No, I'm not dead quite yet.
Due to a recent change of job, among other things, I've neglected my blog for almost four months now. But it's time to get back into the habit of writing interesting technical stuff, at least for a couple of months more, while I'm still able to write.
In these days I'm working on two personal projects:
I'm completing Crossbow, the minimalistic feed aggregator (a release will be ready soon!);
I'm resuming my experimentation with BSD.
This blog entry is about the second project.
I don't have a specific goal in my mind. I really just want to experiment a bit with *BSD, to gain knowledge on this family of classic UNIX systems. Possibly self-host some useful service.
As the title tells, these are random notes taken from a long time GNU/Linux user, not necessarily coherent, or even correct. Also they might span many blog entries.
A Raspberry in my home network. Later on I plan to attach it to the Open Internets, as soon as I've learned something about firewalls.
I installed FreeBSD since it is very convenient to do so. I can experiment on OpenBSD too, thanks to the friendly tilde.institute fellows.
How much RAM do I have?
# sysctl hw.physmem
Not wearing my drive off
As the raspberry platform uses a micro-SD memory, care should be taken to avoid wearing it off.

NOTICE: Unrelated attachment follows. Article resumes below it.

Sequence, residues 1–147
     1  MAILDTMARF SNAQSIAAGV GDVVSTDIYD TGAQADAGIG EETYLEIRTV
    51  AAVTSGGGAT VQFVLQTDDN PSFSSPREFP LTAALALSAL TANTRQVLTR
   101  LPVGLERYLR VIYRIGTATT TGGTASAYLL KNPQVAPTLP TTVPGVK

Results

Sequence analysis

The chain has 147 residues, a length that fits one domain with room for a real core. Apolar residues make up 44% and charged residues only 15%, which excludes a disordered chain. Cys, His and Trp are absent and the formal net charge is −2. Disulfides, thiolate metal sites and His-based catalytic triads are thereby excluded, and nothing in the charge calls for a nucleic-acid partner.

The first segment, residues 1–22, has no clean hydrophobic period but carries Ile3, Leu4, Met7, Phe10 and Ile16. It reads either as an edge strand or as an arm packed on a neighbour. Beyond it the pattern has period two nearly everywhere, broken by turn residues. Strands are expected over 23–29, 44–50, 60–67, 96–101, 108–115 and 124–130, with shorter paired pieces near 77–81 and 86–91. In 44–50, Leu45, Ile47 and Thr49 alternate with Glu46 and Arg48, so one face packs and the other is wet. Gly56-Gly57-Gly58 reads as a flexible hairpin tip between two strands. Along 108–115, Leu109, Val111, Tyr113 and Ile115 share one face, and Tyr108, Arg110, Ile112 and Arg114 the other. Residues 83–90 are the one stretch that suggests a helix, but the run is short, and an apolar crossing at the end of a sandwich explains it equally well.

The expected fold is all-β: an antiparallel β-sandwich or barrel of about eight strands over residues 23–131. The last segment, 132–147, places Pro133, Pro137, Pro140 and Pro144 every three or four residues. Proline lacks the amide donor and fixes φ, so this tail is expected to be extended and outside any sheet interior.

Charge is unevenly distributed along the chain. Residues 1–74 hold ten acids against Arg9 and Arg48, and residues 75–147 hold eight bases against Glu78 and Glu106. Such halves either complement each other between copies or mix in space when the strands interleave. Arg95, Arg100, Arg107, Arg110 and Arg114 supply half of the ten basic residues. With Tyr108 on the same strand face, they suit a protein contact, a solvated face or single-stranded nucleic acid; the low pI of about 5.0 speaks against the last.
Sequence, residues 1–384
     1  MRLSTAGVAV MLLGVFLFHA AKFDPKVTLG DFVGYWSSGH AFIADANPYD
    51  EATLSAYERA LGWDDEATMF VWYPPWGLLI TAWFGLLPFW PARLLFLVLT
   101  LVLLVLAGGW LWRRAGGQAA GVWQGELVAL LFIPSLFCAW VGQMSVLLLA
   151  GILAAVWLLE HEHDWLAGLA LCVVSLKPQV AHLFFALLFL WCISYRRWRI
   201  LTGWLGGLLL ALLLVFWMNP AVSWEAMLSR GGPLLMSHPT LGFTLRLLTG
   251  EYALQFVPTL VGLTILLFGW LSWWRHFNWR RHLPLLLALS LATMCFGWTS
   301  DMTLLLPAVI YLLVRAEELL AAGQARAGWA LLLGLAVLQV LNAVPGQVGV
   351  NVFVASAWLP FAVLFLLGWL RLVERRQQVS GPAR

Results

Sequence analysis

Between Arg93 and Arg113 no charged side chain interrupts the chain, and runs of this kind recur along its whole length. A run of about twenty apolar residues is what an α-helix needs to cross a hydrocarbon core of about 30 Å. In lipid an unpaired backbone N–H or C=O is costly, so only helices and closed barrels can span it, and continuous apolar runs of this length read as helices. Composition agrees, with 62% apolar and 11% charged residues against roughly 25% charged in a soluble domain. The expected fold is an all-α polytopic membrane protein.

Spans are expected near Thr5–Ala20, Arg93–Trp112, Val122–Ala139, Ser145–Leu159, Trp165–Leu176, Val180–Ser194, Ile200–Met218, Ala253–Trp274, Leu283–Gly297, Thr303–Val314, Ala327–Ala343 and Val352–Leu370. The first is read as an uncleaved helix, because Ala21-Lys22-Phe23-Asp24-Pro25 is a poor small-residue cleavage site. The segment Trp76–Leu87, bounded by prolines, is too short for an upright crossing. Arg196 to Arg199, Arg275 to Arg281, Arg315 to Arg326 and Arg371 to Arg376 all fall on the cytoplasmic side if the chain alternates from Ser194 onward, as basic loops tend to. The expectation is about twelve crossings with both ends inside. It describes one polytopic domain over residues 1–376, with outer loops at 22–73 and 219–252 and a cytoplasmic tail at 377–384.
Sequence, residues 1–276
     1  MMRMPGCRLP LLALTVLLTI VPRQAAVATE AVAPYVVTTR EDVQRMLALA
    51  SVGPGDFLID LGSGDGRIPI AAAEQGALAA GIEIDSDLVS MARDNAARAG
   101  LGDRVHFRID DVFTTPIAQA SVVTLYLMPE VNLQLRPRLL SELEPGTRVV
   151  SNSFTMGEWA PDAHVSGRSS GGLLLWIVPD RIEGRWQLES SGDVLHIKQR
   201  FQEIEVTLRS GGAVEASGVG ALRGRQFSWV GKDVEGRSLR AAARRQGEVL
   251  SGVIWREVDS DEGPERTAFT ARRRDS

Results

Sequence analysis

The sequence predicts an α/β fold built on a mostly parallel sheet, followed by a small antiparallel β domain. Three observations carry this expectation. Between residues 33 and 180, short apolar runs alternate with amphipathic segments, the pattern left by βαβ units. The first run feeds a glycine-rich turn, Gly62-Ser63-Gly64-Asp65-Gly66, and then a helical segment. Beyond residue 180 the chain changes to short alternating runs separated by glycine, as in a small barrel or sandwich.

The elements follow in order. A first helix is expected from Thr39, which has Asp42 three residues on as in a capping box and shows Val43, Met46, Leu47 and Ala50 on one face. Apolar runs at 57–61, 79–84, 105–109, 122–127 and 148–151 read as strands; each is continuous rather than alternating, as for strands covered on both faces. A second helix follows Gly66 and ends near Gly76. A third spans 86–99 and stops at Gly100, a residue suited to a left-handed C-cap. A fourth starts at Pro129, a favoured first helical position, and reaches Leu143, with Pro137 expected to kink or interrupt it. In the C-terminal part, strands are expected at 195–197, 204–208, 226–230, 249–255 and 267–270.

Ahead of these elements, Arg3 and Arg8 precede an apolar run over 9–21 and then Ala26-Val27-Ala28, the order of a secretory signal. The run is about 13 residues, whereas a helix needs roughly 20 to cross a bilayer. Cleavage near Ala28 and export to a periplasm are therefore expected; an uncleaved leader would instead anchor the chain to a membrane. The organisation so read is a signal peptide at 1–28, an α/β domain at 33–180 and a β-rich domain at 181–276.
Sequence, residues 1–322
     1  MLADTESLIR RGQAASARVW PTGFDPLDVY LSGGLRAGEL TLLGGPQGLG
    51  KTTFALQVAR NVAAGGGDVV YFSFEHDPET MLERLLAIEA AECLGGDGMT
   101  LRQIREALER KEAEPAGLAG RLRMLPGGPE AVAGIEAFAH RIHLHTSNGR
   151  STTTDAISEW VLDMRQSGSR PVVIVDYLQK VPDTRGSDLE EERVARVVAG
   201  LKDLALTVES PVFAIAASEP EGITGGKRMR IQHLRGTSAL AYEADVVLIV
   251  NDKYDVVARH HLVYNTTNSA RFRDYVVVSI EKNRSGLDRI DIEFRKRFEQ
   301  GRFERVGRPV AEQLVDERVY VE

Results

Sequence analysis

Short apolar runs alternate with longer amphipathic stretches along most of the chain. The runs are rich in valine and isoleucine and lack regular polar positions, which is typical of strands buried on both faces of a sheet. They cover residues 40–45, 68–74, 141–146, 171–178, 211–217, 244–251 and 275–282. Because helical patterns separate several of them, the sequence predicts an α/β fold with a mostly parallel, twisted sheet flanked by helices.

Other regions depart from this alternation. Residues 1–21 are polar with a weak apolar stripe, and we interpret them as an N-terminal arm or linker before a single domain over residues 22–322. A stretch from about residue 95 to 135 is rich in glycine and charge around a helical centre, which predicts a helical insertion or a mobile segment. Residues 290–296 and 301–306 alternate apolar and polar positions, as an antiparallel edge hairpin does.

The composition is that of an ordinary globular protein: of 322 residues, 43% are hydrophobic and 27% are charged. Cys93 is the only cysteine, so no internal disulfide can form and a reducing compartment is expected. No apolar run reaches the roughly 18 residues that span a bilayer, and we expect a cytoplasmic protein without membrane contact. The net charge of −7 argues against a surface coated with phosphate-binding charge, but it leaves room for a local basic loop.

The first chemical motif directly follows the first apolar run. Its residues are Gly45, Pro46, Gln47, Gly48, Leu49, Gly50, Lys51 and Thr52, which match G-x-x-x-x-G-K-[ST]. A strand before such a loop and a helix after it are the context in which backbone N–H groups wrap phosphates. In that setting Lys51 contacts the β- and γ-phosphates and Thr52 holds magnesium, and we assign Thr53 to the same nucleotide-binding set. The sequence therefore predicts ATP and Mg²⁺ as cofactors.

There's a nice article about this topic.
It turns out that FreeBSD 12 will automatically do the Right Thing™ if the root file-system is mounted as read-only in
Before finding this out, I've attempted to do this myself. I obviously don't need to, but in the progress I learned that:
mount(1)has special options for it:
mount -ur /for a read-only mount. It's not clear how this is different from
mount -o ro /. As it happens with Linux, it might be necessary to force the remount if some software is using the file-system (with
fstat(1)allows to check if some file is using the filesystem. This would be provided by
fuser(1)on GNU/Linux, or by
The FreeBSD syslog daemon does not create new files: it only writes on existing ones. If
/var/logis mounted in RAM (to avoid writing on the SD), it might be necessary to create these files by hand. It turns out that
newsyslog(1)is made for this.
In the default system configuration
newsyslog(1)is executed by
mount --rbind /etc/pkg /var/db/pkg
As mentioned in the strategies page of the afore
mentioned article, in order to use
pkg(1) to install
software, we need the database in
/var/db/pkg to be
accessible even when
/var/ is mounted in ram.
Installing ports would still need to mount
read-write mode, but the database would be consistent across
The article suggests to change the
and add a soft-link between
/var/db/pkg -> /etc/pkg, but I
thought that it would be more proper to solve this with a
The closest thing I can get is
mount_nullfs(8). In short,
let's add this line to
/etc/pkg /var/db/pkg nullfs rw,late 0 0